“THREE SIMPLE WORDS”
by Ron Smith, ©2016
(Feb. 10, 2016) — I don’t know if Aldo Bellei is alive today, but in 1971, his life took a dramatic turn when the United States Supreme Court reversed a lower court ruling and decided that the 31-year-old Italian-born American was no longer a U.S. citizen.
The case, Rogers v. Bellei, now stands as a pivotal case in America’s continuing effort to define citizenship, and the short answer as to why Bellei lost his citizenship was that he failed to follow U. S. residency requirements that were in place at the time of the Court’s decision.
Those requirements, which were repealed in 1978, required certain conditions be met to allow persons born abroad to U.S. citizens to keep their U.S. citizenship. However, the mechanics of those rules are not relevant to the outcome of this story.
What is relevant is the birth circumstances of Mr. Bellei and U.S. Senator Ted Cruz are essentially identical, with the only exception being that Bellei was born in Italy, and Cruz was born in Canada. Both were born to American mothers, and alien fathers.
From the case decision:
“The plaintiff (Bellei) instituted the action against the Secretary of State in the Southern District of New York. He asked that the Secretary be enjoined from carrying out and enforcing the relevant laws pertaining to his situation (301 (b)), and also requested a declaratory judgment that the law is unconstitutional as violative of the Fifth Amendment’s Due Process Clause, the Eighth Amendment’s Punishment Clause, and the Ninth Amendment, and that he is and always has been a native-born United States citizen.” https://supreme.justia.com/cases/federal/us/401/815/case.html
In response, and to make a long story short, the Court refused Bellei’s requests on all counts, and by doing so, declared – in effect – that a person with the same birth circumstances as Ted Cruz had not only lost his right to be a ‘regular’ citizen, but that he also was NOT a ‘natural born Citizen,’ either.
Now, before you get all twitchy on me and point out that the Court never actually said, “Hey, Aldo, sorry, dude, but not only are we kicking your skinny butt outta here, you were never a natural born citizen in the first place, and there ain’t no way we’re gonna call you one now,” save your comments because I know that.
But, since one of the ‘hidden benefits’ of being a natural born Citizen is that the government can NEVER take that from you (unless you want to surrender it), then the easiest way the Court could have dealt with the issue presented is to tackle that question first; then the other questions about how much time he spent in the U.S. would have been moot because Congress has no “power, express or implied, to take away an American citizen’s citizenship without his assent.” https://www.law.cornell.edu/supremecourt/text/387/253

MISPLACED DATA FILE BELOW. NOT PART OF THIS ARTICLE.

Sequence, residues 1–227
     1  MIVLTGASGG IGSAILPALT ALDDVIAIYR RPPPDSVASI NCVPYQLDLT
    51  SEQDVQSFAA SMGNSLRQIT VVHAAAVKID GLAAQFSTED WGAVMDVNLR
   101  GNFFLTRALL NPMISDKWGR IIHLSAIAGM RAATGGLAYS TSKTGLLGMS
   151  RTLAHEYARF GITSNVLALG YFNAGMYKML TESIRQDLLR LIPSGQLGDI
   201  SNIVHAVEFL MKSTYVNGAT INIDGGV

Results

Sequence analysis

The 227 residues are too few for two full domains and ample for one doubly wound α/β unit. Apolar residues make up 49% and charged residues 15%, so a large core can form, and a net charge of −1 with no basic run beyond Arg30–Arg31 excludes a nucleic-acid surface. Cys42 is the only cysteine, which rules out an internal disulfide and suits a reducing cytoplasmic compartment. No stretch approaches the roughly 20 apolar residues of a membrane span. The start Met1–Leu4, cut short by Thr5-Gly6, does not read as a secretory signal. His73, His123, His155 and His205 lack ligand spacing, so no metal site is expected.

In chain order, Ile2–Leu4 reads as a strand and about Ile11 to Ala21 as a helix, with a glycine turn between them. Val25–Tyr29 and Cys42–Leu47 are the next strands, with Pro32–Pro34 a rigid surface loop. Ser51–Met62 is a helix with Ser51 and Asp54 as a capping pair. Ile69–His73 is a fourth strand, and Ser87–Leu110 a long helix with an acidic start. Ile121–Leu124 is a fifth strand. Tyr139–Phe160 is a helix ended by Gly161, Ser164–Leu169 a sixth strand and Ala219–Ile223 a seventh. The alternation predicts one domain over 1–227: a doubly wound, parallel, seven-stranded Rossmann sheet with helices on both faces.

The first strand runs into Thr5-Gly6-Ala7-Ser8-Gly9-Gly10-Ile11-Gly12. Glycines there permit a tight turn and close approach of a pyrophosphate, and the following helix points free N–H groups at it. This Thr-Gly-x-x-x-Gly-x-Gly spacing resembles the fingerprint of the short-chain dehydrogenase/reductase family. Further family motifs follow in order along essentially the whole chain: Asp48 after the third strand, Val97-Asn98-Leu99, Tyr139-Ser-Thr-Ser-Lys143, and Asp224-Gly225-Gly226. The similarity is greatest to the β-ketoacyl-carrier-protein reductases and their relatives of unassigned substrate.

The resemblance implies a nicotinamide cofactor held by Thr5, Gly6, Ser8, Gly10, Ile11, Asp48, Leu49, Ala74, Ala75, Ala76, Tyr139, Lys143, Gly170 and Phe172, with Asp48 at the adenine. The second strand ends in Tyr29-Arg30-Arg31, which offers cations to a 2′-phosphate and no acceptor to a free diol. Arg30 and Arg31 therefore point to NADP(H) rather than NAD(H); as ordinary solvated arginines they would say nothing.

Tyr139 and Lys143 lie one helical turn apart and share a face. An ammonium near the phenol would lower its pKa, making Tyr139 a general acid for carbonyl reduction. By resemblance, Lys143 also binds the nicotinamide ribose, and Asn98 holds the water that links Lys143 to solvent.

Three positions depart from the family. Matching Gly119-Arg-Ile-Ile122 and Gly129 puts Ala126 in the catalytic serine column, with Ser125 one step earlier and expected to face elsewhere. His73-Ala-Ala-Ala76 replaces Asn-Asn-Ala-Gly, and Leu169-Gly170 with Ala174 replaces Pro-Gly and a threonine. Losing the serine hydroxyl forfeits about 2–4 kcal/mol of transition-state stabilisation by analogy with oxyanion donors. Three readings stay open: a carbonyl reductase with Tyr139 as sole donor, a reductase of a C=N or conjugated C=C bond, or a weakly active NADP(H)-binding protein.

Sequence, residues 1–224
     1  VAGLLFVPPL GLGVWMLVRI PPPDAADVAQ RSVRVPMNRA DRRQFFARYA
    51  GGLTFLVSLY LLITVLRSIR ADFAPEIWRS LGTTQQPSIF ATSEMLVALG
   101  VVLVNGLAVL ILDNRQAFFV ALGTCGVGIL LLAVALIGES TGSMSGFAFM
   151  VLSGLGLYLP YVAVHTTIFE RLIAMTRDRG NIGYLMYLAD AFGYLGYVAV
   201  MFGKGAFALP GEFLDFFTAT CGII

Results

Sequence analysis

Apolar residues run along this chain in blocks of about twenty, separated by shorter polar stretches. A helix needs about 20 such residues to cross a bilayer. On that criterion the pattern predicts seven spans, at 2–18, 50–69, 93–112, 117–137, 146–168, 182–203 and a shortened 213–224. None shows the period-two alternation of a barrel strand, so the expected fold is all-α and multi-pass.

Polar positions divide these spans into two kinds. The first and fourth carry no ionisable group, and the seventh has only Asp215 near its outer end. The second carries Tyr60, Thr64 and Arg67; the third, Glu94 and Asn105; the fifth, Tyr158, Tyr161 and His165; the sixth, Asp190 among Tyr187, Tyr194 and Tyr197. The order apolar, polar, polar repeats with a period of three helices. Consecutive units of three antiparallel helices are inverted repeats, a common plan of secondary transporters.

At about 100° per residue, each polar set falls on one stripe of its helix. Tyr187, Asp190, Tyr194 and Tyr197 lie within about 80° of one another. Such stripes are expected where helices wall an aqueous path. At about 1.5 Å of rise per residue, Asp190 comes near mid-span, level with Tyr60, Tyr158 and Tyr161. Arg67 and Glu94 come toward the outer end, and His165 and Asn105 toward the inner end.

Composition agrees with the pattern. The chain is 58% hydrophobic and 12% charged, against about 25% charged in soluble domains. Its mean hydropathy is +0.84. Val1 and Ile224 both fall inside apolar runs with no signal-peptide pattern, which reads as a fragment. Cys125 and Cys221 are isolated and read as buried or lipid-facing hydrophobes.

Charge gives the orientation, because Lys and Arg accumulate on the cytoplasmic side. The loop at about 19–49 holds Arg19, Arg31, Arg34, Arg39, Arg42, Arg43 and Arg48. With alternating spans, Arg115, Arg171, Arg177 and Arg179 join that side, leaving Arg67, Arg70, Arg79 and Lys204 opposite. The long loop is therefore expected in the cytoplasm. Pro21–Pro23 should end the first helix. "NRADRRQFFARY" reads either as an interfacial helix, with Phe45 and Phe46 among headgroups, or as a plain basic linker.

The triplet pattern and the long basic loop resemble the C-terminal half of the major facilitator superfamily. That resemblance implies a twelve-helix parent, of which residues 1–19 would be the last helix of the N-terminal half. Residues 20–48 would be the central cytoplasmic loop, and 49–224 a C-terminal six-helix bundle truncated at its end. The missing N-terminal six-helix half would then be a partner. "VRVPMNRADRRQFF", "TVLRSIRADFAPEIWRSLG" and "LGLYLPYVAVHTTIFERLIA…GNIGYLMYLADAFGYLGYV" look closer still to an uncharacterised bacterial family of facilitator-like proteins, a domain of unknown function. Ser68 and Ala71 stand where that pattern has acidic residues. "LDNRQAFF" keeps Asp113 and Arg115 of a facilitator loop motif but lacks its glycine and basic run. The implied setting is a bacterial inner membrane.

Again, to be clear, the U.S. law has since changed on the part about losing your U.S. citizenship for residency violations, so I’m not implying that Cruz should lose his.
But what is clear – and what hasn’t changed – is that if the Court refused to declare Aldo Bellei a ‘natural born Citizen’ in 1971, there’s no reason to believe it would declare Canadian-born Ted Cruz a ‘natural born Citizen’ in 2016.
Had the Court found in 1971 that Aldo Bellei was a ‘natural born citizen’, it could not have revoked his citizenship.
But wait, there’s more…
From attorney and commentator Ann Coulter:
“A child born to American parents outside of U.S. territory may be a citizen the moment he is born – but only by ‘naturalization,’ i.e., by laws passed by Congress. If Congress has to write a law to make you a citizen, you’re not ‘natural born,’ Coulter recently wrote.
“Because Cruz’s citizenship comes from the law, not the Constitution, as late as 1934, he would not have had ‘any conceivable claim to United States citizenship. For more than a century and a half, no statute was of assistance. Maternal citizenship afforded no benefit’ – as the Supreme Court put it in Rogers v. Bellei (1971).”
“That would make no sense if Cruz were a ‘natural born citizen’ under the Constitution. But as the Bellei Court said: ‘Persons not born in the United States acquire citizenship by birth only as provided by Acts of Congress.’ (There’s an exception for the children of ambassadors, but Cruz wasn’t that.)”
Let that sink in for a moment…
For those that keep insisting that Cruz was a ‘natural born Citizen’ at birth, they have to ignore the fact that the Bellei Court correctly observed that prior to 1934, there was literally no statute in place that rendered a child born abroad to an American MOTHER to be a citizen, much less a ‘natural born Citizen.’